This message is especially true given the current circumstances in places such as Afghanistan and Syria.
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on 4 September 2015
As a war correspondent Mr Bell saw the tragic events of the Bosnian war unfold, and reported them to millions of viewers back in the UK. His professional reports did not show his anger and frustration at the lost opportunities to bring peace. Neither did they show the people in his team who made the reports possible. ‘In Harm’s Way’ addresses these omissions.

Mr Bell explains the causes of the war, the frustrations of the UN forces on the ground, the hatred which led to ethnic cleansing on both sides. This book is not an easy read, but it was never meant to be. It is a report on the horrors of modern warfare, the tragedy of civilian casualties, the depravation of besieged cities. Through it all Mr Bell is non-partisan, chronicling atrocities committed by all sides as he seeks to answer key questions. Why was this war allowed to happen? Why was nothing done to stop it sooner? What is the role of the UN?

‘In Harm’s Way’ also gives us an insight into the life of a war reporter. It is not just about standing in front of a camera for a couple of minutes twice a day; it involves real hardship, and real danger. Mr Bell himself was wounded, as were a number of his colleagues. Others lost their lives.

If you are interested in history, journalism or politics; if you enjoy a good biography, then ‘In Harm’s Way’ is a must read.
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on 16 August 2012
What an amazing book. Martin gives so much of the background of the Bosnian War at first hand experience. It shows how difficult it is, even for an experienced reporter, to try to give an even handed account of what happened. He puts himself in danger's path by getting first hand information from both sides and through his writing gives a real feeling of being amongst all the mayhem, confusion, and horror of the war. The world is a better, and more informed, place because people like him put themselves in danger in search of the Truth for us. He never loses sight of his concern for those caught up in the war - he is there to report and inform. A humble knight in a white suit.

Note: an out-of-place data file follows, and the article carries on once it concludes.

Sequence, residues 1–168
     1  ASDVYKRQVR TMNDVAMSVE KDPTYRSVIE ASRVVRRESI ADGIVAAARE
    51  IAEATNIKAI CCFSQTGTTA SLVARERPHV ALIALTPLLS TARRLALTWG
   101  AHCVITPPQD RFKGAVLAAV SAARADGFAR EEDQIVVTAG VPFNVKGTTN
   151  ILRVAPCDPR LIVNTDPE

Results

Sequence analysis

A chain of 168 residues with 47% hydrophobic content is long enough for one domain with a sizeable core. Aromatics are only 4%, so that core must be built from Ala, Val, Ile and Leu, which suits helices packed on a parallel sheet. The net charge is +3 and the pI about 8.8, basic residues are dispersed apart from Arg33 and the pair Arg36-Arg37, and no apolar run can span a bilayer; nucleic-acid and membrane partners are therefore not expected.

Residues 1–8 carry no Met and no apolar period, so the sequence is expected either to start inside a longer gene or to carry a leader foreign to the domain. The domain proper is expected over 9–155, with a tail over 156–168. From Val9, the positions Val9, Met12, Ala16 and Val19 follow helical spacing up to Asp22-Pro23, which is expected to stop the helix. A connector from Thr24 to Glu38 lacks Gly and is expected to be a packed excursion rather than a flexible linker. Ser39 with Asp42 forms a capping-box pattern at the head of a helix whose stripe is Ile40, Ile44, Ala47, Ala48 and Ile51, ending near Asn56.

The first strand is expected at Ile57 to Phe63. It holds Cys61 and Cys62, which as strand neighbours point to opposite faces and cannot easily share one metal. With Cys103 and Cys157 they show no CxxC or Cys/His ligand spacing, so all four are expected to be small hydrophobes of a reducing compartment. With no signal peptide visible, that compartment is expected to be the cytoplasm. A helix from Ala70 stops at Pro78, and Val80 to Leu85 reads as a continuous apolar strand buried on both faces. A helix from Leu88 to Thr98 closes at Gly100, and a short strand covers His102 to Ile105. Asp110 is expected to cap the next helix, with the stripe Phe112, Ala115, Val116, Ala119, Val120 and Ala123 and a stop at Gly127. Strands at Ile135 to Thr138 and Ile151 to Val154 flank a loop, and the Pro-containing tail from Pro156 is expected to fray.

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on 23 December 2014
I read this to find out more about the war in Bosnia but the book is actually a very long description of modern war reporting. As such it talks at length about the limits of technology, different networks approaches to reporting, the practicalities of reporting from war zones (road blocks, accommodation, transport, multi-skilled news teams) and the limits of what can be shown and said; either due to what might be described as "good taste" or because most of the time the journalist on the ground simply isn't, or can't be, in the right place at the right time.

As such I found it oddly repetitive and unsatisfactory. Once you've read that atrocities were committed by all combatants in Bosnia and that journalists get shot at too there didn't seem a lot more to it than to reiterate that Bosnia was a hugely confusing conflict from which practically no one emerged with much credit.

I think a little more straight history of the war, its context, course and outcomes, would have helped along with more analysis on the motivations and objectives of the key players.
Instead, Martin Bell seems so determined to demonstrate the limitations of "war reporting from the man on science's perspective" that you're left feeling almost as frustrated at not seeing the bigger picture as he must have been at the time.

To borrow a much over used sentiment from the book: someone's shooting but we don't know why, who or where from so for all the good we're doing we may as well get the he'll out of here!